Invasion of the bagworms

Invasion of the bagworms

From Downtown Albuquerque News

Between the occasionally dramatic lack of foliage and the very real possibility of running headlong into one of the critters as it dangles from a tree, it’s hard not to notice the show of force put on this year by bagworms, tiny pests that eat leaves by the dozen and costume themselves in the leftovers.

The invasion is particularly prevalent at Mary Fox Park and Washington Middle School Park, as several DAN readers have noted recently. So what’s going on?

Bagworms are actually caterpillars that turn into moths. During that metamorphosis, they feed on tree leaves, said David Lightfoot, the collection manager for the Museum of Southwestern Biology at UNM.

“The caterpillars crawl around on stems and small branches of trees, then they build a little sack made of silk over themselves,” Lightfoot said. “They attach fragments of plant leaves they’re feeding on to the silk bag.”

Though they do eat leaves as they grow into moths, something that might defoliate entire trees, Lightfoot said bagworms rarely cause permanent damage or kill trees.

City spokeswoman Jessica Campbell agreed with that assessment, saying that greater Downtown trees will likely bounce back next year.

“Trees will typically recover unless the same tree is defoliated year after year, faces other stressors, and is left untreated,” she said.

Campbell said city forestry crews are actively monitoring trees in city parks, especially evergreens, for signs of bagworms. If concerned about the health of those trees, crews will treat trees with a nonchemical insecticide, but only in late spring or early summer. The particular insecticide used contains a microbe found naturally in soil that makes proteins that are toxic to bagworm larvae, Campbell said.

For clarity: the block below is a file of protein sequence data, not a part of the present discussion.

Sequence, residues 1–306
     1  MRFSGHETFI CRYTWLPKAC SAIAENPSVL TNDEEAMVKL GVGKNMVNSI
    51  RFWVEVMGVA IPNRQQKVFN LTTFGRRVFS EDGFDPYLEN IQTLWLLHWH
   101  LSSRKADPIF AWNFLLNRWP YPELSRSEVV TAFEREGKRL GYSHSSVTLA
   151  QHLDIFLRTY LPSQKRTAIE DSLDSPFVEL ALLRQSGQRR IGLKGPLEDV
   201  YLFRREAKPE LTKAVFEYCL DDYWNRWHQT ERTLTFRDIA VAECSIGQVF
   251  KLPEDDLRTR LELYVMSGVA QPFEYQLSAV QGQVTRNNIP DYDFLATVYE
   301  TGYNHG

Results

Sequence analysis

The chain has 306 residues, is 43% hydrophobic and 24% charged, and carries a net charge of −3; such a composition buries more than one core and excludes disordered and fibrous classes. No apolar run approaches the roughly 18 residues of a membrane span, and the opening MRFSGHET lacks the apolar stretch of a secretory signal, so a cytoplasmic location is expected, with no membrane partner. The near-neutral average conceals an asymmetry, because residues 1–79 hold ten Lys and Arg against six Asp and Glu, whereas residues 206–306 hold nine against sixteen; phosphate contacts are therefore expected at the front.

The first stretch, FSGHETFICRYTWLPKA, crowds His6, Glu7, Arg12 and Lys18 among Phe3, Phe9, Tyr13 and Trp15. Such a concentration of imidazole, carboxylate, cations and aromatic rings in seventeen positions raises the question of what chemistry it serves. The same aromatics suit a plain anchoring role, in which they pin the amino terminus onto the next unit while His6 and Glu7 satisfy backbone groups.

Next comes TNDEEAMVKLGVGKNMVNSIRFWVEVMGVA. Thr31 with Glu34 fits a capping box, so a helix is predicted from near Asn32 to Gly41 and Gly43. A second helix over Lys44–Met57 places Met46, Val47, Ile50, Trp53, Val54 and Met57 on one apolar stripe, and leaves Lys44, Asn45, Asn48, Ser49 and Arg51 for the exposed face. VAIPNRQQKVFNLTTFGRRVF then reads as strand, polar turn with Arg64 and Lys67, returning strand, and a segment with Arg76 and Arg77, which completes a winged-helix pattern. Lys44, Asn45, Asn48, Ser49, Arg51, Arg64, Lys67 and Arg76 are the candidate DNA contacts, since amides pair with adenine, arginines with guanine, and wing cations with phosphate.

If bagworms have become a problem in trees on your property, Lightfoot has an easy solution: Attach a high-pressure nozzle to a garden hose and knock the bags off the tree.

“Once the larvae are on the ground, it’s pretty hard for them to get back up into the tree,” Lightfoot said. “They usually end up feeding on something else, or they die.”

Bagworms will attach just about anywhere on just about any type of tree, but they prefer to feed on younger leaves. When inspecting your trees, Lightfoot said to pay special attention to the outer tips of branches, where the youngest leaves are.

How the bagworm caterpillars get on the tree branches is either interesting or gross, depending on your point of view.

Once the caterpillars pupate and emerge as moths, mating season begins. Female bagworms are flightless and stay put at the site of the bags, emitting pheromones to attract males, who can fly. The female produces eggs and lays them in the bag, or sometimes they stay in her body.

Because female bagworm moths cannot fly, they end up getting eaten by birds, but the eggs survive the digestion process and are deposited by the bird at a new location – sometimes a fresh tree. Caterpillars hatch from those eggs, build bags, feed on leaves, and the process repeats. (Some bagworms also sail around on long strands of silk, a phenomenon known as ballooning.)

Campbell said the city’s 311 service has seen an increase of calls about bagworms this year, indicating they are more prevalent this summer than in years past. However, she said the calls are from all over the city, not just greater Downtown.

“Heading into next spring, we are planning to have educational signs posted in parks we are monitoring so the public knows they are on our radar and can learn a bit more about bagworms,” Campbell said. “Another initiative we are considering is gathering volunteers to remove bagworms from trees. This will not totally eliminate the population, but would help control it.”